“No. Say you forgive me first. Say you forgive me, Agueda.”
But instead she pulled his hand to her mouth and bit-bit so sharply into the knuckles that he cried with pain and lashed out with his other hand – lashed out and hit the air, for she was gone, she had fled, and he heard the rustling of her skirts up the stairs as he furiously sucked his bleeding fingers.
Cruel thoughts raced through his head: he would go and tell his mother and make her turn the savage girl out of the house-or he would go himself to the girl’s room and drag her out of bed and slap, slap her silly face! But at the same time he was thinking that they were all going up to Antipolo in the morning and was already planning how he would maneuver himself into the same boat with her.
Oh, he would have his revenge, he would make her pay, that little harlot! She would suffer for this, he thought greedily, licking his bleeding knuckles. But-Judas! –what eyes she had! And what a pretty color she turned when angry! He remembered her bare shoulders: gold in the candlelight and delicately furred. He saw the mobile insolence of her neck, and her taut breasts steady in the fluid gown. Son of a Turk, she was quite enchanting! How could she think she had not fire or grace? Andno salt? An arroba she had of it!
“…No lack of salt in the chrism
At the moment of thy baptism!”
He sang aloud in the dark room and suddenly realized that he had fallen madly in love with her. He ached intensely to see her again – at one! – to touch her hand, her hair; to hear her harsh voice. He ran to the window and flung open the casements and the beauty of the night struck him back like a blow. It was May, it was summer, and he was young – young! –and deliriously in love. Such a happiness welled up within him the tears spurted from his eyes.
But he did not forgive her – no! He would still maker her pay, he would still have his revenge, he thought viciously, and kissed his wounded fingers. But what a night it had been! “I will never forget this night!” he thought aloud in an awed voice, standing by the window in the dark room, the tears in his eyes and the wind in his hair and his bleeding knuckles pressed to his mouth.
But, alas, the heart forgets; the heart is distracted; and Maytime passes, summer ends; the storms break over the rot-ripe orchards and the heart grows old; while the hours, the days, the months, and the years pile up and pile up, till the mind becomes too crowded, too confused; dust gathers in it; cobwebs multiple; the walls darken and fall into ruin and decay; the memory perishes…and there came a time when Don BadoyMontiya walked home through a May Day midnight without remembering, without even caring to remember, being merely concerned in feeling his way across the street with his cane; his eyes having grown quite dim; and his legs uncertain for he was old; he was over sixty; he was very stooped and shriveled old man with white hair and mustaches, coming home from a secret meeting of conspirators; his mind still resounding with the speeches and his patriot heart still exultant as he picked his way up the steps to the front door and inside into the slumbering darkness of the house; wholly unconscious of the May night; till on his way down the hall, chancing to glance into the sala, he shuddered, he stopped, his blood ran cold – for he had seen a face in the mirror there – a ghostly candlelit face with the eyes closed and the lips moving, a face that he suddenly felt he had seen before though it was a full minute before the lost memory came flowing, came tiding back, so over flooding the actual moment and so swiftly washing months and years that he was left suddenly young again: he was a gay young buck again, lately come from Europe: He had been dancing all night; he was very drunk, he stopped in the doorway; he saw a face in the dark; he cried out…And the lad standing before the mirror (for it was a lad in a night gown) jumped with fright and almost dropped his candle, but looking around seeing the old man, laughed out with relief and came running.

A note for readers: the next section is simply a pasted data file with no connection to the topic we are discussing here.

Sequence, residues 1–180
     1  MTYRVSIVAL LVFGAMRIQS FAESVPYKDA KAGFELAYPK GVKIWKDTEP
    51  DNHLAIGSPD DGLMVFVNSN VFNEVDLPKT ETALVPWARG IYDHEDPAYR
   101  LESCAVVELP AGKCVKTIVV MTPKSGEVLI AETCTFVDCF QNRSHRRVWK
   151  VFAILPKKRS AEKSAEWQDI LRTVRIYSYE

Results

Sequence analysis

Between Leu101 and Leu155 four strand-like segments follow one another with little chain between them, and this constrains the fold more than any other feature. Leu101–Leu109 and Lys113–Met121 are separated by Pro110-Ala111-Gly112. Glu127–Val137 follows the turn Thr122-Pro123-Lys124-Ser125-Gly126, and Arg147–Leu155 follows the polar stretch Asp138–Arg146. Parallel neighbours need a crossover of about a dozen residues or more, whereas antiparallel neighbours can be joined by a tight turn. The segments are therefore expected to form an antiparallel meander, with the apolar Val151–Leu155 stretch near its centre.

“Oh, Grandpa, how you frightened me!”
Don Badoy had turned very pale. “So it was you, you, young bandit! And what is all this, hey? What are you doing here at this hour?”
“Nothing, Grandpa. I was only…I am only.”
“Yes, you are the great Señor Only and how delighted I am to make your acquaintance, Señor Only! But if I break this cane on your head you may wish you were someone else, Sir!”
“It was just foolishness, Grandpa. They told me I would see my wife.”
“wife? What wife?”
“Mine. The boys at school said I would see her if I looked in a mirror tonight and said:
Show to me
Her whose lover
I will be.”
Don Badoy cackled ruefully. He took the boy by the hair, pulled him along into the room, sat down on a chair, and drew the boy between his knees. “Now, put your candle down on the floor, so, and let us talk this over. So you want your wife already, hey? You want to see her in advance, hey? But of you know that these are wicked games and that wicked boys who play them are in danger of seeing horrors?”
“Well, the boys did warn me I might see a witch instead.”
“Exactly! A witch so horrible you may die of fright. And she will bewitch you, she will torture you, she will eat your heart and drink your blood.”
“Oh, come now, Grandpa. This is 1890. There are no witches anymore.”
“Oh no, my young Voltaire! And what if I tell you that I myself have seen a witch?”
(Don Badoy, then tells of the incident, long ago, when he saw the young Agueda, the boy’s grandmother, in the mirror. He doesn’t mention names, though, referring to Agueda as a beautiful witch who tortured him, ate his heart, and drank his blood. It is only then that the boy repeats what his grandmother had told his mother: that Doña Agueda, herself, had seen the devil in the very same mirror.
Don Badoy is taken aback. His mind goes back to the past when he had fallen in love with the beautiful girl he saw in the mirror and how this beauty had become a “withered consumptive, lashing out with her cruel tongue, her eye like live coals; her face like ashes.” And now “nothing but a name on a stone in a graveyard” – and his heart is torn with grief.)
-Reyes, Linda D. and Ribo, Lourdes M. “Language in Literature Philippine Setting, High School Series I”. Vibal Publishing House, Inc., Quezon City,1998.